All right, that’s out of the way. Let’s continue with a look at story structure in comics. In the early days of comics, single issues would tell a full story. As two-part stories grew into sagas, a practice called decompression allowed for the prevalence of story arcs. Story arcs followed the story structure (beginning, middle, end) over multiple issues. The common practice is to run a story arc over six issues to ease the transition to trade.

Crossovers are common stories in comics. These refer to stories in which a character from one title appears in a book of another title (i.e. Superman appearing in a Batman book). This is not to be confused with a Team book, which groups multiple heroes together (i.e. Avengers). Crossovers can occur in single issues, or they can occur in multiple issues. They can also take place between two titles.

As crossovers became more popular and the stakes raised with multiple heroes, events became a staple in comics. Event comics mainly are either mini-series or crossover. These stories raise the stakes to global and even universal levels. They commonly feature multiple characters from various titles uniting against a common foe. In the case of Civil War and Avenger vs X-Men, they can also feature multiple heroes battling it out due to differing opinions of a certain catalyst.

With the evolution of events, tie-ins became necessary to explore characters and moments that can only be glimpsed in an event series. These tie-ins can be a mini-series created specifically for the event, or they can take place in titles featuring a specific character involved in the event.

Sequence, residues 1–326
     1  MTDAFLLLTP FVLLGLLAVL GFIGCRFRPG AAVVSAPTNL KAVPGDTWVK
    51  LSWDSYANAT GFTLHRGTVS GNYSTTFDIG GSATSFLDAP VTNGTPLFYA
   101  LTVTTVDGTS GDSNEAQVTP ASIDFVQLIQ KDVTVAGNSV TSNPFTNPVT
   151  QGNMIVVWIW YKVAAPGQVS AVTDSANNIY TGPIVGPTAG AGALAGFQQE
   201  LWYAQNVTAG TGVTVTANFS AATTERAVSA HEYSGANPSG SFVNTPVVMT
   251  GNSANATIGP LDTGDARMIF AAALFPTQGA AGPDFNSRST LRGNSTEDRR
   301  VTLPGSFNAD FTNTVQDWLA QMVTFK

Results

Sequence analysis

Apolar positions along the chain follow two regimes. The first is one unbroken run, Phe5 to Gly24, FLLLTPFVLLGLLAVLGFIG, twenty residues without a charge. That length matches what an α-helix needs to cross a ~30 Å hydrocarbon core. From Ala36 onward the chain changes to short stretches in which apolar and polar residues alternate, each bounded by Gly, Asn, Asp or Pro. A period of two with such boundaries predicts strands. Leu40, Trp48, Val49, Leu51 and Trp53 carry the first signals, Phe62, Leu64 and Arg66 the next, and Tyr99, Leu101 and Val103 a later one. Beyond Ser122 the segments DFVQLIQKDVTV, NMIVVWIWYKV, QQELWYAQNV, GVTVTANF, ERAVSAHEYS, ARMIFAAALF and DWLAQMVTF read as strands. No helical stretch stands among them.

And finally, let’s talk a little about titles, characters, and publishers. This is gonna be a little more free form, because it’s just clarifying a few confusing areas. First up, titles are very simply the title of the comic book. In super-hero comics, the common practice is to name the title after the protagonist. However, certain titles began as anthologies, which told various stories throughout the series. One major example of this would be Journey Into Mystery which began as a horror/mystery anthology series, but would later introduce and feature Thor and more recently, Loki.

I’m going to revisit the TV comparisons now as I talk about publishers. Each publisher is like a channel with different programming. There are two major publishers (commonly referred to as the Big Two) which dominate the market: DC Comics and Marvel Comics. Each contains its own stable of characters created throughout the years. DC’s stable of characters contains iconic heroes such as Superman and Batman, while Marvel consists of some of the more “modern” characters like Spider-man and Iron Man. They have titles (think shows) which they produce on a monthly schedule. There are other channels to watch besides NBC and CBS, so we also have other publishers. A few examples in no particular order:

  • Image Comics – Walking Dead, Spawn
  • Dynamite Entertainment – Robocop, Green Hornet
  • IDW Publishing – GI Joe, 30 Days of Night
  • Dark Horse – Hellboy, The Umbrella Academy
  • Oni Press – Scott Pilgrim, Queen & Country

Now, I know what a lot of you are thinking: how does a vocabulary lesson get somebody started reading comics? It doesn’t. It’s a foot in the door. And this is only part one. In part two, I’m going to talk about how to introduce someone into the world of comic books and suggestions for books to start reading.